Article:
The inspector said, “The Senior Leaders expressed concerns regarding the apparent lack of consideration for education and infrastructure regarding the formulation and implementation of some Covid-19 national initiatives, regulations and policies. An example of this was the Global Citizenship initiative where they did not feel availability of spaces in schools was considered.”
In a bit of a departure from our regular programming, we’re going to pivot away from academics in order to acknowledge one of the most significant athletic accomplishments by a young Caymanian ever.
The word “Congratulations” hardly rises to the occasion — perhaps “Amazing!” or simply “Wow!” will do better.
University of Tennessee swimmer Jordan Crooks recently broke not one but two NCAA Division I records, becoming the fastest freshman in US history to swim the 50-yard freestyle and the 100-yard freestyle.
In the 50-yard event, Crooks’s time of 18.53 seconds surpassed the previous record set by Caeleb Dressel in 2015.
For those who don’t follow the sport of swimming, some context: Dressel is considered the best male swimmer in the world, following a 5-gold-medal performance in last year’s Tokyo Olympics. There he joined a short but distinguished list of American male swimmers to win at least 3 individual golds at a single Olympics: Michael Phelps and Mark Spitz.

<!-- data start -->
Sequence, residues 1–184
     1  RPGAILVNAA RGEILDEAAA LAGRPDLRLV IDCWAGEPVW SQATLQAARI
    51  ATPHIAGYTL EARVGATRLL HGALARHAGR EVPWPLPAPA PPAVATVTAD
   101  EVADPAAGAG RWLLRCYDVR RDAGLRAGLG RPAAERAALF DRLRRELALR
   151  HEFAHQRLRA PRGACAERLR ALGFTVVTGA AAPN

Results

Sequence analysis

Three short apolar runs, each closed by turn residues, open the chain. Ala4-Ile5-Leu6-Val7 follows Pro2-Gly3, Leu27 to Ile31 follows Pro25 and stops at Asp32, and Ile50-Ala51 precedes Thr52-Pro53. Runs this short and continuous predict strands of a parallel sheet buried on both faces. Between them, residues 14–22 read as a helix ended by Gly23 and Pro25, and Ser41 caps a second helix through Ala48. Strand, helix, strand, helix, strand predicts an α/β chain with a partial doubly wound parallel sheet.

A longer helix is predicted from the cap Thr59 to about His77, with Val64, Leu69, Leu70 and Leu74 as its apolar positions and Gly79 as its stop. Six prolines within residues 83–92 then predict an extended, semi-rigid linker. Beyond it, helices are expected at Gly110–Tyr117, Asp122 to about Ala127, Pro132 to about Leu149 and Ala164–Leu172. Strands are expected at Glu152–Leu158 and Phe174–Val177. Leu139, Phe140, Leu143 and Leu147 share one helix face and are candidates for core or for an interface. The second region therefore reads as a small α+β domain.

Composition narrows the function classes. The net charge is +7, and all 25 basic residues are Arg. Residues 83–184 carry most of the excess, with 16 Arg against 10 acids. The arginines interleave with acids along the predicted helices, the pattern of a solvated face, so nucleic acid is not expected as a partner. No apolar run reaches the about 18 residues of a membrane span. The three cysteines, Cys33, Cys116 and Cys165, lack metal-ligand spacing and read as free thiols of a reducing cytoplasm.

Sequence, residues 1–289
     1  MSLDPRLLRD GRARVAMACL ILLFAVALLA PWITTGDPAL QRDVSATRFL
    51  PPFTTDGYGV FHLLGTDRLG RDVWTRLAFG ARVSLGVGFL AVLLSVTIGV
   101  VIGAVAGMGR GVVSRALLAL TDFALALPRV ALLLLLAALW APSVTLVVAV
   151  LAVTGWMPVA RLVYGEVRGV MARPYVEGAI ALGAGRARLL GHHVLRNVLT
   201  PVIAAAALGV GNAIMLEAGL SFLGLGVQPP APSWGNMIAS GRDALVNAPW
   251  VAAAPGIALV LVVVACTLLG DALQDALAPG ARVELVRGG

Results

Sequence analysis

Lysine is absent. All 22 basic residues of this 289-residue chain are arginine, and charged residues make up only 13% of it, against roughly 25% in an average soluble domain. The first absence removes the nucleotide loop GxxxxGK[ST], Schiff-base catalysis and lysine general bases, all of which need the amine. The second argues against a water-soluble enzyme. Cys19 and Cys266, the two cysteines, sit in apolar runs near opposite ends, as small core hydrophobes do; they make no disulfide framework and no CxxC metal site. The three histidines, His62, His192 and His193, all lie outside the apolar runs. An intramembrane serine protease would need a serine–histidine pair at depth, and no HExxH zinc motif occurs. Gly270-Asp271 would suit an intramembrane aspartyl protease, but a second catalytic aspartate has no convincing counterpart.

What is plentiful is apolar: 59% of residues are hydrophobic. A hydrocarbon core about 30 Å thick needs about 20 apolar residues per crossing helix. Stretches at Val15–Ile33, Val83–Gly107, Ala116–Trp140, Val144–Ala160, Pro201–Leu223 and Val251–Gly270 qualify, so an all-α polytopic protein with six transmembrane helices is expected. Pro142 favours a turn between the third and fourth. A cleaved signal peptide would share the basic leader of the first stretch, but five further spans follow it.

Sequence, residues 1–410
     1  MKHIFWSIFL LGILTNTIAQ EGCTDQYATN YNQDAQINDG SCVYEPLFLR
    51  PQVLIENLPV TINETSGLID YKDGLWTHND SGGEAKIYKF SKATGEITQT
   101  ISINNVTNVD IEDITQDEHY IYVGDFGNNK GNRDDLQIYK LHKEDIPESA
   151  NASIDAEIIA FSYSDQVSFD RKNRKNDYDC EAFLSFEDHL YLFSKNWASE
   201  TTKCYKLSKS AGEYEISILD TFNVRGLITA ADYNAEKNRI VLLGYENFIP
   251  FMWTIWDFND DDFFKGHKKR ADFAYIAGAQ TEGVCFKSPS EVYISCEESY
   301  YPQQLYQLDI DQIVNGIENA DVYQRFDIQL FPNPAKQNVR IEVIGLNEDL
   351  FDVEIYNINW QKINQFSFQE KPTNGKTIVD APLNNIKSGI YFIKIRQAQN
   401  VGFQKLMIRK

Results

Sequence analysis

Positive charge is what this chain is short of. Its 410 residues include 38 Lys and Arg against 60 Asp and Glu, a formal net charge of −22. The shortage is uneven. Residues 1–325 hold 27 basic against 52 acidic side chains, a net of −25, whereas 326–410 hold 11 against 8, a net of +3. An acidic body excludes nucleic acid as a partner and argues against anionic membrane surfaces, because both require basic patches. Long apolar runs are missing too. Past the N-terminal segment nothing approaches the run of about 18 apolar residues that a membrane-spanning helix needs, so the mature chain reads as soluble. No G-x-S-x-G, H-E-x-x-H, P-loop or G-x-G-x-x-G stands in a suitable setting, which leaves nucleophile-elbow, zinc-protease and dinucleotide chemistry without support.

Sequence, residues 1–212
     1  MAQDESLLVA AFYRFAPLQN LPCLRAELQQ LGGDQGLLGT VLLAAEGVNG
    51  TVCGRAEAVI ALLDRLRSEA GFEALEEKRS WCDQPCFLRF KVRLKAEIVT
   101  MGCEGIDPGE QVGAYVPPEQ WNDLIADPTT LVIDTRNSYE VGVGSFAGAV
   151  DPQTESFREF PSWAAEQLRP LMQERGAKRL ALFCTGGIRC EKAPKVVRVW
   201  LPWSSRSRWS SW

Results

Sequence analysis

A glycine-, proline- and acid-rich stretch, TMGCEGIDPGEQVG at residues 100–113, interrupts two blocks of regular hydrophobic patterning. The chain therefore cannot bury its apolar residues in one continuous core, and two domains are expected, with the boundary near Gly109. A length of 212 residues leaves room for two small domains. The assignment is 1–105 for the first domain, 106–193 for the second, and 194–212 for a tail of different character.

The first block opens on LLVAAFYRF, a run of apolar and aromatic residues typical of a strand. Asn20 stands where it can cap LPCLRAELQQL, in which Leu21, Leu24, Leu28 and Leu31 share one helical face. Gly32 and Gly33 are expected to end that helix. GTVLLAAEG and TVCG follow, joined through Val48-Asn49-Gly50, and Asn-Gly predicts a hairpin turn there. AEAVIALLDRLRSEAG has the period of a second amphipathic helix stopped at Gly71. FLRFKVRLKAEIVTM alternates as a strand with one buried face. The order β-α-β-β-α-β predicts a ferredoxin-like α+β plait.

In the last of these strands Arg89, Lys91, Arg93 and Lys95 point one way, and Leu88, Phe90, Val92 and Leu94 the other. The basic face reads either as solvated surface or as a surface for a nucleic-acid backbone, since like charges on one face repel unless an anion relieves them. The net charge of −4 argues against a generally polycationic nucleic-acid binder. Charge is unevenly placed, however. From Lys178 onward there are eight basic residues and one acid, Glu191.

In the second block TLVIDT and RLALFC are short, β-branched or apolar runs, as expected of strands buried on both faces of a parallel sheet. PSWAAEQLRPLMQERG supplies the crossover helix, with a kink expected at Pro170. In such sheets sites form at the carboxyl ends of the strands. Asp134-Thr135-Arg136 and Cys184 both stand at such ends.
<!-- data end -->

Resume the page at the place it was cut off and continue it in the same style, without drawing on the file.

In winning the event, Crooks beat out LSU’s Brooks Curry, who in Tokyo had won a gold medal as part of the US 400-metre freestyle relay.
Here, maybe, is the most remarkable thing about Crooks’s 50-yard swim. He started the day with a time of 19.39 seconds, meaning he shaved an astonishing 0.86 seconds off his personal best.
Later on during the same SEC championships, Crooks set a new NCAA freshman mark in the 100-yard event, with a time of 41.44 seconds (in a split time in his team’s 400-freestyle relay).
For context, Crooks is now the 5th fastest NCAA athlete, of any age, in the 50-yard freestyle. Number one is, you guessed it, Dressel in 17.63 seconds during his senior year. (That being said, Crooks’s mark is ‘only’ 0.2 seconds behind the time of the 2nd-fastest NCAA swimmer ever.)
And as Jamaican swimmer/blogger Tony Morrison notes, Crooks is now the fastest sprinter from the CARIFTA region ever.
It bears repeating: Amazing! Wow! … Congratulations!
In this week’s episode of EdBeat, Patrick Brendel of the Cayman Current and April Cummings of Cayman Life TV discuss inspectors’ visits to schools, Crooks’s record-breaking performance and Cayman Life TV joining forces with the Current on our TVET/STEM documentary.
More from the Current
- 2021/2022 National Children’s Festival of the Arts (NCFA) Adjudications Begin Using Hybrid Format
- Cayman Brac Public Library Officially Reopens
Around The Web
The Current is a central resource for education journalism by others, including regional and international news relevant to Cayman education. (Find our running collection of links here.)
- The Royal Gazette (Bermuda): Rabain wants talks with teachers after no confidence vote in education leadership
- The Royal Gazette (Bermuda): Schools could be step closer to normal next week, says minister
- The Guardian (UK): Students and teachers in England decry ‘virtually useless’ exam previews
The Week Ahead
- More from UCCI
- School inspection reports
- Fifth Annual Youth Mental Health Symposium
- EdBeat: Episode 30